Terry Shames has abiding affection for the small Texas town where here grandparents lived, the model for the fictional town of Jarrett Creek in her Samuel Craddock mysteries. Her second Samuel Craddock novel, The Last Death of Jack Harbin, will be out in January 2014. Learn more about Terry and her books at her website.
In my second Samuel Craddock mystery, The Last Death of Jack Harbin, coming January 7, I have an old friend come to visit Samuel while he’s making plum jelly. Here’s the excerpt:
“Come on into the kitchen, I’m making jelly,” I say. “I got some plums the other day and they were yelling to be put up or thrown out.”
“Well aren’t you a sight in your pretty little apron.” She hugs me tight.
She steps around me to the stove, where the jelly is bubbling. Opening a drawer, she takes out a spoon and sticks it into the brew, then waves it around to cool it. She tastes the jam and smacks her lips in approval. My late wife, Jeanne, was the cook in our household, but somewhere along the line I became the maker of jams and jellies, and I’m pretty proud of what I come up with.
“We’re going to have to talk here in the kitchen,” I tell her. “If I leave it too long, it’ll set up too hard.”
“Samuel, I may not be the world’s best cook, but even I know you have to be careful with jelly. My mamma drilled that into me every year when she canned.” She grins and a ghost of her outgrown, mischievous self flits across her face. “And every year she’d leave me to watch a batch and the phone would ring or somebody would come by, and next thing you know I’d forget all about it and I’d be in big trouble.”
There’s a story behind why I chose plum jelly for this scene. My mother tried to make plum jelly, and it always turned out to be either too tart, too sugary, or, in the worst case I can remember, so stiff you couldn’t stir it with a knife. And here’s the funny part. I love making chutneys, jams, and jellies, and they always turn out great—except plum. Failing at plum jelly is in my genes! So I decided my character, Samuel Craddock would be able to make terrific plum jelly.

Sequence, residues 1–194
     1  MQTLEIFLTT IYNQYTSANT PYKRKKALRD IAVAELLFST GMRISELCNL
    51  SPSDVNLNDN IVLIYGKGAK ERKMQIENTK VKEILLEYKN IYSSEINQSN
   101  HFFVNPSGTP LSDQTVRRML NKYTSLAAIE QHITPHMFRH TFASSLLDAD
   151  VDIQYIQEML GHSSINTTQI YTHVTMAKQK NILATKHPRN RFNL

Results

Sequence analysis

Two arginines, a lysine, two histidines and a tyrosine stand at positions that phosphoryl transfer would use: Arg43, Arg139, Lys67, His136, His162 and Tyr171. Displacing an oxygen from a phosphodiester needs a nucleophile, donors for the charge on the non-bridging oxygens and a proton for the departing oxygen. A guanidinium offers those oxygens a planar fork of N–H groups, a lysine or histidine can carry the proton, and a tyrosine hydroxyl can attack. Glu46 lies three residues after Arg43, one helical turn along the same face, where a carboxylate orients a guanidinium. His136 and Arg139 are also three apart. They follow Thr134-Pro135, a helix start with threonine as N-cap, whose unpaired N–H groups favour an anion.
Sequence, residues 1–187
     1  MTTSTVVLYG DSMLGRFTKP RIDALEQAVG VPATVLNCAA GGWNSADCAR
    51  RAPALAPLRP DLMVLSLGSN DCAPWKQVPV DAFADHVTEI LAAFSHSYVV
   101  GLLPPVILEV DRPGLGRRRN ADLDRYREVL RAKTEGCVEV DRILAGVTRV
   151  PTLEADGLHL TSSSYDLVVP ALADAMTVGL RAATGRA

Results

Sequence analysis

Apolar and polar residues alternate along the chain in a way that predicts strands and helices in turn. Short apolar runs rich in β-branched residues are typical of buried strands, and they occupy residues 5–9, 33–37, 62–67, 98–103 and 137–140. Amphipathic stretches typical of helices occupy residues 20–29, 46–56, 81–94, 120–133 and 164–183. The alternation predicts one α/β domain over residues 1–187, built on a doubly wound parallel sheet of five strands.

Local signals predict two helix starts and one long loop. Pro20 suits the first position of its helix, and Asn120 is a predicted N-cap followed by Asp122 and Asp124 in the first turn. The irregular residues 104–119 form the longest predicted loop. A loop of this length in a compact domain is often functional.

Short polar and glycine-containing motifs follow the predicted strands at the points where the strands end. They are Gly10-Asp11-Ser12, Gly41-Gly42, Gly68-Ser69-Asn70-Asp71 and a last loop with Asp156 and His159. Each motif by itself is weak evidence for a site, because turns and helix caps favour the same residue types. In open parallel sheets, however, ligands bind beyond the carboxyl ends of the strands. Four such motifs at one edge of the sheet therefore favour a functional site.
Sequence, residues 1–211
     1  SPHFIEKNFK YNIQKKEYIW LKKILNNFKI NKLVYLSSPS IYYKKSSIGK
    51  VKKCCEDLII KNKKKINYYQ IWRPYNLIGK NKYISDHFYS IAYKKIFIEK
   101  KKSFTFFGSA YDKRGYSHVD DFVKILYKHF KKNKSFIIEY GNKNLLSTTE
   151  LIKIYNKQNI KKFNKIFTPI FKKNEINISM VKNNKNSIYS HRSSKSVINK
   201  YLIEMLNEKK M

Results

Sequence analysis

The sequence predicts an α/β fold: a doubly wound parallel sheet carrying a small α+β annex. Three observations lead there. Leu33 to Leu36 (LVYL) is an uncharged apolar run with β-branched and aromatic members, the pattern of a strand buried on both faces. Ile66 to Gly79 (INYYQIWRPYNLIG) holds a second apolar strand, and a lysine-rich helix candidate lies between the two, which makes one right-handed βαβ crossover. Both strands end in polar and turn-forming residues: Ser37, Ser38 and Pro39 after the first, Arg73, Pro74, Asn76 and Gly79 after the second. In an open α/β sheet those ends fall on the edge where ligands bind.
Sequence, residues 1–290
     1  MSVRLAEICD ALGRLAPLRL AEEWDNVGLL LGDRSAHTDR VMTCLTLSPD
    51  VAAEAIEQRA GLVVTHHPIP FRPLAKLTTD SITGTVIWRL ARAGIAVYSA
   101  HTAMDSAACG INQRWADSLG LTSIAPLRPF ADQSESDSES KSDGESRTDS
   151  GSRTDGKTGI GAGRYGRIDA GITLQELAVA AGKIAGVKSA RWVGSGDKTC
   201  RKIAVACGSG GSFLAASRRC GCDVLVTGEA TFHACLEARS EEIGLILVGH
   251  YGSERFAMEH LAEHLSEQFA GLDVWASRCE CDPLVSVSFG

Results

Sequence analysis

Here’s a recipe from The New Settlement Cookbook. Try it. Maybe you’ll have more success than I did.
Use under-ripe tart plums. Wash the fruit and remove the stems. Cover fruit with water. Simmer until the plums are very soft. Strain the juice. Use 1 cup sugar to 1 cup juice. When juice boils, add sugar and cook until it jells. Pour into hot, sterilized glasses and seal.
I’m adding a recipe for Ginger Apples from the same book, because I know this recipe works—and it’s apple season:
1 quart tart apples
2 cups water
2 cups brown sugar
6 pieces ginger root (1/2-3/4 inch pieces)
Pare, and cut the apples into small squares. Grate the rind of the lemon. Boil water, sugar and lemon juice five minutes or until clear. Add apples and ginger and cook slowly two or more hours until thick and brown. Pour into jars and seal.
A Killing at Cotton Hill: A Samuel Craddock Mystery
Samuel Craddock has a reputation as the best lawman the town of Jarrett Creek ever had. The current chief of police is incompetent, so when Dora Lee Parjeter is murdered, Craddock steps in to investigate. He discovers that a lot of people may have wanted Dora Lee dead—the conniving rascals on a neighboring farm, her estranged daughter and her surly live-in grandson. And then there’s the stranger Dora Lee claimed was spying on her. During the course of the investigation the human foibles of the small-town residents—their pettiness and generosity, their secret vices and true virtues—are revealed.